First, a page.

[FOUNTAIN]The fairness of the ultimate punishment

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[FOUNTAIN]The fairness of the ultimate punishment

On March 16, a small village in Iran was stirred in the early morning. Police cars went around the streets and told the villagers to gather at the town square at 9 a.m. Some 5,000 villagers assembled, with children in the trees and seniors in front row seats. In the town square was a gallows.
The crowd was there to see the execution of Muhammad Bijeh, a 24-year-old Iranian better known as the “Vampire of the Tehran Desert.” Mr. Bijeh was convicted of kidnapping, raping and murdering 21 children. After being abused by his step- parents, Mr. Bijeh said he wanted to take revenge on the world. The serial killer was handcuffed and lashed 100 times first, the punishment for the rapes. At every sound of the whip, cheers and moans were heard. As the bleeding Mr. Bijeh was dragged to the gallows, the brother of one of his victims lunged and stabbed him. One of the victims’ family members came out and put a noose around his neck.
As Mr. Bijeh’s body hung in the air, the crowd began cursing and throwing rocks.
Capital punishment still exists in most Muslim nations. Murderers are punished by death according to Islamic teachings, and Arab tribal societies have a strong tradition of considering revenge as an honor.
China executes the most people in the world. Every year, at least 1,000 condemned criminals are executed. The Chinese Internet newspaper, Sina.com, reported on March 16 that a serial killer had been caught and confessed his crime, including a murder he committed 10 years ago. However, the man supposedly responsible for the crime was already executed. The mother of the falsely accused man, who was 21 years old at the time, wailed and said her son had been tortured and forced into making a false confession.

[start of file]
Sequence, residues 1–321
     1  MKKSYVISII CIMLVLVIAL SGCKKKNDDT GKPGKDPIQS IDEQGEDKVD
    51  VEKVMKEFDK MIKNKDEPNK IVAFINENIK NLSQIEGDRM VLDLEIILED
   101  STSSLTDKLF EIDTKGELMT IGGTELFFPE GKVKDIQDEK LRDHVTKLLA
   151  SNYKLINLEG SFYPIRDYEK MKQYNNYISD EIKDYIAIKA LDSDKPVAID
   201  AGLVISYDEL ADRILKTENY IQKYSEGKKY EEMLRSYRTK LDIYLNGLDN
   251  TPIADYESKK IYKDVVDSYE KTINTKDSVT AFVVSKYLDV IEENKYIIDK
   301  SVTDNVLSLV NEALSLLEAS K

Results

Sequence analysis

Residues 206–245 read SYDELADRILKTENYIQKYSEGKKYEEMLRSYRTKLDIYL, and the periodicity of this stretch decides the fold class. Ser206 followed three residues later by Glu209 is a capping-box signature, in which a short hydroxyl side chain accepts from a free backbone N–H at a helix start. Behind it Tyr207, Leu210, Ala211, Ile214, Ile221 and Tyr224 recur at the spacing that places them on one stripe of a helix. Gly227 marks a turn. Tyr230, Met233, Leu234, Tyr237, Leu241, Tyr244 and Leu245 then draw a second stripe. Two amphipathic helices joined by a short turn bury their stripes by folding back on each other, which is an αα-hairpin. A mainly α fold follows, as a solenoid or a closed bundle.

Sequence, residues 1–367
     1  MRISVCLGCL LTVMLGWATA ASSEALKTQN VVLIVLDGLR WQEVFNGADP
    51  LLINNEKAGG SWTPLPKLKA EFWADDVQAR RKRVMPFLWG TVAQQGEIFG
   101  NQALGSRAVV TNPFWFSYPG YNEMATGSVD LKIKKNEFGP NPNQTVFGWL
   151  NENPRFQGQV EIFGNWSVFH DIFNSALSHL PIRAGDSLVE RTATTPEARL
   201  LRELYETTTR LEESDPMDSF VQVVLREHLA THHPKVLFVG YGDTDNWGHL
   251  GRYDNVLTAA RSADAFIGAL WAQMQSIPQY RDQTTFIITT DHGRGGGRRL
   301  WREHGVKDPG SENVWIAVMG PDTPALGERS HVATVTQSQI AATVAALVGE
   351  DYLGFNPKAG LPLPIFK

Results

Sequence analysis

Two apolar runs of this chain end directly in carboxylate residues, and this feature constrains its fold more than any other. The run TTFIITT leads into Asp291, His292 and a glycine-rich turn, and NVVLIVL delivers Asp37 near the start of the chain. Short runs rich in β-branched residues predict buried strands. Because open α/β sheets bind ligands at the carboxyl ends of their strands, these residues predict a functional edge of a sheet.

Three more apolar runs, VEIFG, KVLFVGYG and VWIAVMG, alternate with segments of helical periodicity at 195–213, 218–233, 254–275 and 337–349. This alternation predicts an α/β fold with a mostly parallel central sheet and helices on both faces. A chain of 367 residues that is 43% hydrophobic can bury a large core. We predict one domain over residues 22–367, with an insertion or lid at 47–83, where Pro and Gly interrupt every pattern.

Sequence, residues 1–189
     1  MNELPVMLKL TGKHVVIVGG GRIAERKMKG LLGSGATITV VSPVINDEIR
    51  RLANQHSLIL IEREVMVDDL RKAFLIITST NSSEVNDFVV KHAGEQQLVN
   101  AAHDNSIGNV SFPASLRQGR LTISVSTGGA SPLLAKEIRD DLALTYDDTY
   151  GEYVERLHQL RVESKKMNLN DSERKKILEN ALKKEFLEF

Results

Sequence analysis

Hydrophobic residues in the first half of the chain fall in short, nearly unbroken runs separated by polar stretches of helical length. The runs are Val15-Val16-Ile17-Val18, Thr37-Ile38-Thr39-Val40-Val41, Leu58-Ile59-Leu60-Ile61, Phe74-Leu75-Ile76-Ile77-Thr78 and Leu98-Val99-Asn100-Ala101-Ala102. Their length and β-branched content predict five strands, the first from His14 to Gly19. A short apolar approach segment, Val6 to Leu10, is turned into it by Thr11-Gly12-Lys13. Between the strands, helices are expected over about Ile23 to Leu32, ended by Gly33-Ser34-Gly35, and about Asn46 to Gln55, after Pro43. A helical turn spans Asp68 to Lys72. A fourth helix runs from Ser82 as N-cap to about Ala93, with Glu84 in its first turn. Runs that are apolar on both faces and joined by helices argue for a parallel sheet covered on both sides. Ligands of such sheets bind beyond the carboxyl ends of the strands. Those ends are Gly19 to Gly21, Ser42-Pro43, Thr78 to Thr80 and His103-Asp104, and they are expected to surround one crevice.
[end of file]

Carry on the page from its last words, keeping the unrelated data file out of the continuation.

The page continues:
Opponents of the death penalty stand against capital punishment because of its irreversible nature. They call it a “judicial murder.” Public executions have been criticized as an inhuman punishment. Even the most heinous criminals have the right to retain dignity in the face of death. Public executions are also considered to have little effect in preventing crimes.
This week a Japanese television station aired shocking video footage of public executions in North Korea. The offenses were less heinous than the crime of the Vampire of the Teheran Desert, but the punishment seemed more harsh than the executions held in China.
The condemned man could have saved his precious life if he had been born in the South.


by Oh Byung-sang

The writer is the JoongAng Ilbo’s London correspondent.
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